Agencies

[Federal Register Volume 81, Number 156 (Friday, August 12, 2016)]
[Proposed Rules]
[Pages 53365-53370]
From the Federal Register Online via the Government Publishing Office [www.gpo.gov]
[FR Doc No: 2016-18869]


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ENVIRONMENTAL PROTECTION AGENCY

40 CFR Part 52

[EPA-R08-OAR-2016-0366; FRL-9950-36-Region 8]


Approval and Promulgation of State Implementation Plan Revisions 
to Primary Air Quality Standards, Minor Source Baseline Date, 
Incorporation by Reference, and 2008 Ozone NAAQS Infrastructure 
Requirements for CAA Section 110(a)(2)(C) and (D)(i)(II); Wyoming

AGENCY: Environmental Protection Agency (EPA).

ACTION: Proposed rule.

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SUMMARY: The Environmental Protection Agency (EPA) is proposing to 
approve State Implementation Plan (SIP) revisions submitted by the 
State of Wyoming on May 28, 2015 and November 6, 2015. The amendments 
update the version of the Code of Federal Regulations (CFR) 
incorporated by reference into the rules of the State of Wyoming for 
Chapter 2, Section 12; Chapter 3, General Emission Standards, Section 
9; and Chapter 6, Prevention of Significant Deterioration, Section 4. 
The May 28, 2015 submittal updates a citation to a Federal Register 
article (i.e., Federal Register notice) under the definition of ``tpy 
CO2 equivalent emissions (CO2e),'' and lists a 
new minor source baseline date for fine particulate. The State also 
proposes to update the primary air quality standards for particulate 
matter (PM2.5) to reflect federal updates that went into 
effect in January 2013. The updated primary PM2.5 standard 
is 12 micrograms per cubic meter ([micro]g/m\3\) annual arithmetic mean 
concentration, which is lowered from its previous level of 15 [micro]g/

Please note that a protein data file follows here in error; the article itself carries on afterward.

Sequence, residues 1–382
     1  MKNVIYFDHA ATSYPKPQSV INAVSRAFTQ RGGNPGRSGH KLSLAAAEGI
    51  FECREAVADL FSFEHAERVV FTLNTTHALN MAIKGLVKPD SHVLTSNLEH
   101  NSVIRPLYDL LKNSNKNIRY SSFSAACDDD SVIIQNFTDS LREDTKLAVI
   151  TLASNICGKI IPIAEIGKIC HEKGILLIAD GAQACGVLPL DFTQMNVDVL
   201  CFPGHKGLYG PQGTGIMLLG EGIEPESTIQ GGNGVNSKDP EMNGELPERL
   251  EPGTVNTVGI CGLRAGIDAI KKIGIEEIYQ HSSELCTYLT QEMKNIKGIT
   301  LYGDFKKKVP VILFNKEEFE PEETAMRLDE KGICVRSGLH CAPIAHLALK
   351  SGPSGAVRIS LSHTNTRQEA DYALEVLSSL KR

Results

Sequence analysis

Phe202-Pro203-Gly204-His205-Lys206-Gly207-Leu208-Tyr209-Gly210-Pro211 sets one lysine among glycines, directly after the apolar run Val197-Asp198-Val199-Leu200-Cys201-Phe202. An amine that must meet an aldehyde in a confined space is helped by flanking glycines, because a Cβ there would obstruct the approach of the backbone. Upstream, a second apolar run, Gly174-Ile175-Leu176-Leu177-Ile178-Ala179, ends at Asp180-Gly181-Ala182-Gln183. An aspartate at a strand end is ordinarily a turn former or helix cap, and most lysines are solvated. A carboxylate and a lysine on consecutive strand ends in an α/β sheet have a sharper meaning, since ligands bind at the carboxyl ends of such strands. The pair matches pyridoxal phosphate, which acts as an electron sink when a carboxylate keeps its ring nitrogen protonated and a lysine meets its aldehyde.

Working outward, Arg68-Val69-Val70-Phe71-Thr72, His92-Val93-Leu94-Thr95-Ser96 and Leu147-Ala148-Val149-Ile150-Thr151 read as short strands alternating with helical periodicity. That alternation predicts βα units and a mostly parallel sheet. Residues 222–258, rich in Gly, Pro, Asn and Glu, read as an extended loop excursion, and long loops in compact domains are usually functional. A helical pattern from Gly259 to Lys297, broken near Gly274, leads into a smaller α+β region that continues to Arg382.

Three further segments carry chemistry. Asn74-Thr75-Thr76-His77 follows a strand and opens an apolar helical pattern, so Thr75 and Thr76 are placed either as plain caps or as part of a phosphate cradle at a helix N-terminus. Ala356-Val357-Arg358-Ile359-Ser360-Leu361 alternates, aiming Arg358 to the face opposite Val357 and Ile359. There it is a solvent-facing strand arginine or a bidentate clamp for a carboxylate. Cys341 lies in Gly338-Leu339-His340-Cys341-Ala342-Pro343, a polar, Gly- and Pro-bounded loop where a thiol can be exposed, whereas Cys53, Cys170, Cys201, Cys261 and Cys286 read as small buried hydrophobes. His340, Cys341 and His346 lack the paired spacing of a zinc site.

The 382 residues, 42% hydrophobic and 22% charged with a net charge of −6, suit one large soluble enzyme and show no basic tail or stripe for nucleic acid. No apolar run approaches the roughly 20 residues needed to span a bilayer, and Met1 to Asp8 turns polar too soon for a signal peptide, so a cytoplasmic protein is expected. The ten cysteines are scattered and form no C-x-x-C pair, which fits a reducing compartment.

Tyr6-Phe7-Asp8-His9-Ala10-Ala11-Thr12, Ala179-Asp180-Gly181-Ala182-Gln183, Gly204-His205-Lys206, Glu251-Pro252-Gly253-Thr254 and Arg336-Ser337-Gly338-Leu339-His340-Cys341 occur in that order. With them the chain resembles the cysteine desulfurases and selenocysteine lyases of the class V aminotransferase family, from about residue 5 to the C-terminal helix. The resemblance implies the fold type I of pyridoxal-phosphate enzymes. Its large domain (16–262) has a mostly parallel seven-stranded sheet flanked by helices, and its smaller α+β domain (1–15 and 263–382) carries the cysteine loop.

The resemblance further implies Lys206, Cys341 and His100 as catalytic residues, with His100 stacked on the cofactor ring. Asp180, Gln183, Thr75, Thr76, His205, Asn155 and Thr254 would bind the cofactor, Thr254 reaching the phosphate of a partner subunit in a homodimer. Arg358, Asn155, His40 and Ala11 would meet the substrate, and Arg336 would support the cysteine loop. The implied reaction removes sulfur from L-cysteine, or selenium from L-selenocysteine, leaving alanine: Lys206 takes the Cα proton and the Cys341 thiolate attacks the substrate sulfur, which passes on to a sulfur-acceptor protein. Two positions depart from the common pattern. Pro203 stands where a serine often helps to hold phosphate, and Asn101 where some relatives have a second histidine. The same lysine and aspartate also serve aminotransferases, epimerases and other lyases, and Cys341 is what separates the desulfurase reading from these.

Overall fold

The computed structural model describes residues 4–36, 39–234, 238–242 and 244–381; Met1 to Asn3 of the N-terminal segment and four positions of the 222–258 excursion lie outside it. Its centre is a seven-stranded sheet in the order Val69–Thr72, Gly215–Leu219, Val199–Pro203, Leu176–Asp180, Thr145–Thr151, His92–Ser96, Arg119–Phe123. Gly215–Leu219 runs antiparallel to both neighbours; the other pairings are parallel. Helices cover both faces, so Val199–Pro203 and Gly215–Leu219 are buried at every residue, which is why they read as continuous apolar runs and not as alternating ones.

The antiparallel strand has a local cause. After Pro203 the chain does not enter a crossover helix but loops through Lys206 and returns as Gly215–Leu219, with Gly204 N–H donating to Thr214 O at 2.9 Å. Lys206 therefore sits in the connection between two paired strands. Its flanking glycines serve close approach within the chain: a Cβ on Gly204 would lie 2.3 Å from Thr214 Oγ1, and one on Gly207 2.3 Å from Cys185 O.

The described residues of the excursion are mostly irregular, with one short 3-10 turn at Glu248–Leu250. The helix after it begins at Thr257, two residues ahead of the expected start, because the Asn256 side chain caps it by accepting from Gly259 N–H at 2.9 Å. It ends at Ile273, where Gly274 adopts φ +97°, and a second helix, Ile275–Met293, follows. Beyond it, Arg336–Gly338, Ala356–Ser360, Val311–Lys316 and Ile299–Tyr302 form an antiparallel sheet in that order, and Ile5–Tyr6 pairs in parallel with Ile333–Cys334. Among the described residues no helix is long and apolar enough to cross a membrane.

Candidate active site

m\3\. The EPA is also proposing approval of portions of the State's 
February 6, 2014 2008 ozone National Ambient Air Quality Standards 
(NAAQS) infrastructure certification regarding prevention of 
significant deterioration (PSD) and the good neighbor provision. The 
EPA is not taking action on the Chapter 6, Permitting Requirements, 
Section 14 portion of the May 24, 2012 submittal because it has been 
superseded by a November 6, 2015 submittal (81 FR 35271). The EPA is 
not

[[Page 53366]]

taking action on a May 24, 2012 submittal or a March 8, 2013 submittal 
because they have been superseded by the May 28, 2015 submittal.

DATES: Written comments must be received on or before September 12, 
2016.

ADDRESSES: Submit your comments, identified by Docket ID No. EPA-R08-
OAR-2016-0366, at http://www.regulations.gov. Follow the online 
instructions for submitting comments. Once submitted, comments cannot 
be edited or removed from Regulations.gov. The EPA may publish any 
comment received to its public docket. Do not submit electronically any 
information you consider to be Confidential Business Information (CBI) 
or other information whose disclosure is restricted by statute. 
Multimedia submissions (audio, video, etc.,) must be accompanied by a 
written comment. The written comment is considered the official comment 
and should include discussion of all points you wish to make. The EPA 
will generally not consider comments or comment contents located 
outside of the primary submission (i.e., on the web, cloud, or other 
file sharing system). For additional submission methods, the full EPA 
public comment policy, information about CBI or multimedia submissions, 
and general guidance on making effective comments, please visit http://www2.epa.gov/dockets/commenting-epa-dockets.

FOR FURTHER INFORMATION CONTACT: Jody Ostendorf, Air Program, U.S. 
Environmental Protection Agency (EPA), Region 8, Mail Code 8P-AR, 1595 
Wynkoop Street, Denver, Colorado 80202-1129, (303) 312-7814, 
ostendorf.jody@epa.gov.

SUPPLEMENTARY INFORMATION: 

I. General Information

What should I consider as I prepare my comments for the EPA?

    1. Submitting Confidential Business Information (CBI). Do not 
submit CBI to the EPA through http://www.regulations.gov or email.